The Braves are the only team owned by a publicly traded company and thus the only one for which there is that kind of transparency available. Passan didn't "pick" anything.It’s easy for Passan to pick the WS champs and say baseball is a great business.
The very simple reality is that of the overall pie of baseball revenue, the owners share is growing and the player's share is shrinking. And that point of slicing the pie has gone from the MLB players making a higher percentage of the revenue than NFL/NBA players to a lower percentage. That's why this dispute exists.
And what is being demanded by the owners would rapidly accelerate their growing share of the pie under any possible set of circumstances, beyond any reasonable doubt. The press has been reluctant to use these words, but the CBT is already essentially a salary cap and with what the owners are demanding would be at least as much restriction on team spending as the NBA salary cap.
Since at least the 2020 Covid dispute and likely much further back than that, the owners have been gearing up for an apocalyptic confrontation with the union. They have not and will not bargain in good faith, large amounts of games being missed was always part of the plan, and they believe that withholding game checks from the players who have less financial security and short careers to exploit will break them. That has been a very successful strategy for the NBA and NFL in recent times, we'll see. But my bet is that the 60 game 2020 quasi season is the absolute maximum amount of baseball we'll see this year, and we'll only see that if the players do in fact cave to ownership demands. I hope I'm wrong on both counts, but that's my read of it.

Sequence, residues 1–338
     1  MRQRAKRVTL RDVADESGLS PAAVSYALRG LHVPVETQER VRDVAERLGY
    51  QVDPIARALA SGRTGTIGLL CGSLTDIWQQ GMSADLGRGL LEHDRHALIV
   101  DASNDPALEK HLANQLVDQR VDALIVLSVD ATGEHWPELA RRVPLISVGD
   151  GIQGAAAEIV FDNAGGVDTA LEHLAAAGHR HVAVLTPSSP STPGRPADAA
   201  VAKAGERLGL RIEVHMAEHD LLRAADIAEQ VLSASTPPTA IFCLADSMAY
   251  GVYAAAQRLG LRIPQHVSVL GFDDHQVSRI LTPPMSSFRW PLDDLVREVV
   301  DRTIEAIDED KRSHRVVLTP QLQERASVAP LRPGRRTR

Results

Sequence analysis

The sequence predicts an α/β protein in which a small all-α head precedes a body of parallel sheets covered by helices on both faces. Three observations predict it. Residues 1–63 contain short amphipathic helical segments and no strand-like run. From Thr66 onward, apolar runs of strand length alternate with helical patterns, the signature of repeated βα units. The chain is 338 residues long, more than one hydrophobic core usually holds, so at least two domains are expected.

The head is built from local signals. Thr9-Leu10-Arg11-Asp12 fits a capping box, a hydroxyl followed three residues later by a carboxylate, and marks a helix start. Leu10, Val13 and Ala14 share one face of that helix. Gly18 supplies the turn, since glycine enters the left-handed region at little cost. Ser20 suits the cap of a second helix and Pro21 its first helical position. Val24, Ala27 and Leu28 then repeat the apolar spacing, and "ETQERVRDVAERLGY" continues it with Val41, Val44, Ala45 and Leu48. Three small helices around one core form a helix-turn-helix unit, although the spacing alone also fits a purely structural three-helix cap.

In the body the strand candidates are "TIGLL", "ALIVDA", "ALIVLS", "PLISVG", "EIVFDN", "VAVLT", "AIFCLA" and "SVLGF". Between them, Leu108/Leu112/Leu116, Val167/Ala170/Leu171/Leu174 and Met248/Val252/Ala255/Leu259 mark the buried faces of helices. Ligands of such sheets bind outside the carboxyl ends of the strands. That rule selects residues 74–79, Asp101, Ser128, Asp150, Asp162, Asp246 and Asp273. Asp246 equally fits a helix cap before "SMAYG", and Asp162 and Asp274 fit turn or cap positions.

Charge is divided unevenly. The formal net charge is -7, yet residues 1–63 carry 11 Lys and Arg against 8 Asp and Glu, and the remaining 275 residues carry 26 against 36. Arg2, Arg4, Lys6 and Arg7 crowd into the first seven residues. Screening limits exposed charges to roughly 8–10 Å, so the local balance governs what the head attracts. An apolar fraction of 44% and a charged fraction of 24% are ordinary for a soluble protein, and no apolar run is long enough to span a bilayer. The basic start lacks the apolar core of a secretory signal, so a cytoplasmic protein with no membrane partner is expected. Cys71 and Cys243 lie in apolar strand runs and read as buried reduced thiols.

Baseball labor relations has been a very fragile ecosystem since forever, and ultimately what's happening is the invasive species of sabermetrics and the new universal understanding of how to value players has disturbed that ecosystem and this is the conflict where those contradictions will need to be resolved.